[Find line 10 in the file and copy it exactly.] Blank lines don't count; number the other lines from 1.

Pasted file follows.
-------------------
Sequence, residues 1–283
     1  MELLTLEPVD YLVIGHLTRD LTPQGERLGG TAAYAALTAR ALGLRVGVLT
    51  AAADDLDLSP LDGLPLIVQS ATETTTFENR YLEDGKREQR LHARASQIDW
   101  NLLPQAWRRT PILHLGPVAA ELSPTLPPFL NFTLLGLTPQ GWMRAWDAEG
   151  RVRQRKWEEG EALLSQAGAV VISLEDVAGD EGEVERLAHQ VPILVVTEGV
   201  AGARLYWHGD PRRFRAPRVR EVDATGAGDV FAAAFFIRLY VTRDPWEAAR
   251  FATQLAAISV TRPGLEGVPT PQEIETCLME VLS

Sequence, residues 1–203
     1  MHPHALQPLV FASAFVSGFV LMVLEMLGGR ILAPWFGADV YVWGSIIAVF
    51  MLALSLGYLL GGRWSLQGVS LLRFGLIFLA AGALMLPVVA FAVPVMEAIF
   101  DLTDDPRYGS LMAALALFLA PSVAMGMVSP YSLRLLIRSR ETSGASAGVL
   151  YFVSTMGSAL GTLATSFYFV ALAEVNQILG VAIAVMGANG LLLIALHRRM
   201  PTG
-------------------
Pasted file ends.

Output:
    51  MLALSLGYLL GGRWSLQGVS LLRFGLIFLA AGALMLPVVA FAVPVMEAIF